In 1993, COPPOCK et al. discovered that lung fibroblasts, after entering the resting phase (G0 phase), start expressing a series of quiescence-inducing genes (quiescins). The expression of these genes is crucial for maintaining the cells in a dormant state. They regulate and modulate various biological processes within the cells, including gene transcription, protein synthesis, and activity of intracellular signaling networks. The expression of these quiescence-inducing genes helps cells remain in a non-proliferative state and prevents them from entering the next stage of the cell cycle. The mechanism of cell entry into the resting phase holds significant importance in the study of lung fibroblasts and provides valuable insights into the development of pulmonary diseases and cellular biology research. Among them, 8 genes are upregulated, including decorin, C1r, Q6, Q10, and collagen chain genes COL6A1, COL3A1, COL1A1, and COL1A2. Particularly, the expression level of the COL3A1 gene reaches tenfold its original level after the cell enters the resting phase [45]. These research findings further suggest a hypothesis that collagen may contribute to maintaining a cell’s quiescent state, including tumor cells. At the same time, the transcriptional regulation of certain collagen genes in metastatic tumor cells may play a role in balancing proliferation and quiescence signals during the metastasis process. Metastatic tumor cells are in a non-proliferative quiescent state, called tumor dormancy, which can last for many years before regaining proliferative capacity [46]. Collagen is highly enriched in the extracellular matrix of dormant tumor cells and its composition differs from that of the proliferative phase extracellular matrix [47]. In the extracellular matrix of dormant tumor cells, tumor-derived COLIII expression increases, which is essential for maintaining the dormant state. Disruption of it restores tumor cell proliferation through DDR1-mediated STAT1 signaling.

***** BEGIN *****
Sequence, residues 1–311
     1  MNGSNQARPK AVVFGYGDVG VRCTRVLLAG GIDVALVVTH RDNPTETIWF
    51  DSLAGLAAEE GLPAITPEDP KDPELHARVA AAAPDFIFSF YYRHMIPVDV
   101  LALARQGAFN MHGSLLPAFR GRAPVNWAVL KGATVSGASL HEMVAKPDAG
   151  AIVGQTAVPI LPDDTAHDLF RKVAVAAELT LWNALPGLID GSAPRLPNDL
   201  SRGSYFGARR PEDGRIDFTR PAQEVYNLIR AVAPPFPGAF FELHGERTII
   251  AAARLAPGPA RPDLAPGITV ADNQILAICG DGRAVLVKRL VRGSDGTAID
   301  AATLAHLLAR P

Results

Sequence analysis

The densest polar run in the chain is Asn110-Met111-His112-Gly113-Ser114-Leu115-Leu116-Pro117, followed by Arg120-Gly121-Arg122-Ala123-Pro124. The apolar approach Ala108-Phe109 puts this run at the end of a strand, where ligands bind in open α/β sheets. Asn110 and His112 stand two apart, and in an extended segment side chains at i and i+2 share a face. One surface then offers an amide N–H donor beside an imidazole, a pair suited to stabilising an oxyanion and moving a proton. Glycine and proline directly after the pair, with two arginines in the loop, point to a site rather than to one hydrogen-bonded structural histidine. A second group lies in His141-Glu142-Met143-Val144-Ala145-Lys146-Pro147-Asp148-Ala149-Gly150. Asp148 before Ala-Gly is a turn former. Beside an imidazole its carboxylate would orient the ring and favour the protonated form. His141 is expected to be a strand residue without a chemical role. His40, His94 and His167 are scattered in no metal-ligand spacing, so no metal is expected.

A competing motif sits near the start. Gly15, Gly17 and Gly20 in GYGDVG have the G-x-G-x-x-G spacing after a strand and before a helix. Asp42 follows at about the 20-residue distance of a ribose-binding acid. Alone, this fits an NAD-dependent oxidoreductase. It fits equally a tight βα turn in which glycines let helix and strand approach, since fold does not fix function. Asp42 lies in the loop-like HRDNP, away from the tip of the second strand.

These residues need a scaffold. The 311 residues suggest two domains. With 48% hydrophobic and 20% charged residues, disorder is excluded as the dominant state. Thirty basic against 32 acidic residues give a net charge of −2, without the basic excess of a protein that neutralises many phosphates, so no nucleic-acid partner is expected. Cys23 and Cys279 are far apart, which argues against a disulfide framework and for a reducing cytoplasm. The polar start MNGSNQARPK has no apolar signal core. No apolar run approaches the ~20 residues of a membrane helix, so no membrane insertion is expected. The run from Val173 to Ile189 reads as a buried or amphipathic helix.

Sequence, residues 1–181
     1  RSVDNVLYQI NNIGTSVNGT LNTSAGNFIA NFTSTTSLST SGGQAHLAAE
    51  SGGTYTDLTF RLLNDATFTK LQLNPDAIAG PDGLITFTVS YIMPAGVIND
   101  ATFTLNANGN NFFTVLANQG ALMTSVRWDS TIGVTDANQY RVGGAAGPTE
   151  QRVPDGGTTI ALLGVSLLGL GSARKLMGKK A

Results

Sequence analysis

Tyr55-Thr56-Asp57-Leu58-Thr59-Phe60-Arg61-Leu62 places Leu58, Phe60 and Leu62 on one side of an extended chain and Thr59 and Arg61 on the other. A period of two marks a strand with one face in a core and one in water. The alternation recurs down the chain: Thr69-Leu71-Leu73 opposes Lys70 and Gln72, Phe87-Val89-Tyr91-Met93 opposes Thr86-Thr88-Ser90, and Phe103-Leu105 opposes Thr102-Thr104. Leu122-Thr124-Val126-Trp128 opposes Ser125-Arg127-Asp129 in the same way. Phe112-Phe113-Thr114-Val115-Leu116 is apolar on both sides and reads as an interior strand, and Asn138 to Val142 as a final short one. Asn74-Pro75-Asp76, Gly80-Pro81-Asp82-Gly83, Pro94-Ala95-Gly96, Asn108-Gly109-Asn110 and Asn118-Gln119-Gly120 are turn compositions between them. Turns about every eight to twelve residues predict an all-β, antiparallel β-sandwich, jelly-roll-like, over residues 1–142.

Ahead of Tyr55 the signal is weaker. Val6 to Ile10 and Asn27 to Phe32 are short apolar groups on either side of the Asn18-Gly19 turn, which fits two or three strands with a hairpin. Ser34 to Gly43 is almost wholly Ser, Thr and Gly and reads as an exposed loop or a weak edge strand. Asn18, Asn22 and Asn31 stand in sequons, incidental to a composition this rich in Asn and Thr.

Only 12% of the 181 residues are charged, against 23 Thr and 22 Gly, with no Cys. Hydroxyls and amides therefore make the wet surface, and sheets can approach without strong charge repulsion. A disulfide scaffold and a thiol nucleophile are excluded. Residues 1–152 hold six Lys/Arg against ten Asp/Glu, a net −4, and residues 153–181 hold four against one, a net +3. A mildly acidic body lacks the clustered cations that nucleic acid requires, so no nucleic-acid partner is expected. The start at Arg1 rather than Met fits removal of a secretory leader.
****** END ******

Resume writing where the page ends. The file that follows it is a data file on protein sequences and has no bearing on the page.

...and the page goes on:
Second Harmonic Generation (SHG) microscopy further revealed the changes in type III collagen structure and abundance accompanying the transition from dormancy to reactivation. Clinical sample analysis showed that the level of type III collagen was elevated in the tumors of patients with lymph node-negative head and neck squamous cell carcinoma compared to those with lymph node-positive metastasis. When COLIII disappeared in dormant cells, tumor cells regained their proliferative ability. Furthermore, collagen proteins are also involved in maintaining the quiescent state of other cell types such as stem cells. For example, COLV produced by muscle satellite stem cells maintains their quiescent state through the Calcitonin Receptor (CALCR), while COLVI regulates the self-renewal ability of satellite cells. Barkan et al. reviewed the potential contribution of the interaction between tumor cells and the microenvironment of metastatic sites in regulating tumor dormancy and growth, with a particular focus on the potential role of the extracellular matrix (ECM) in regulating dormancy maintenance and release. These long-term surviving disseminated tumor cells remain in a dormant state but may be triggered to proliferate by largely unknown factors [48].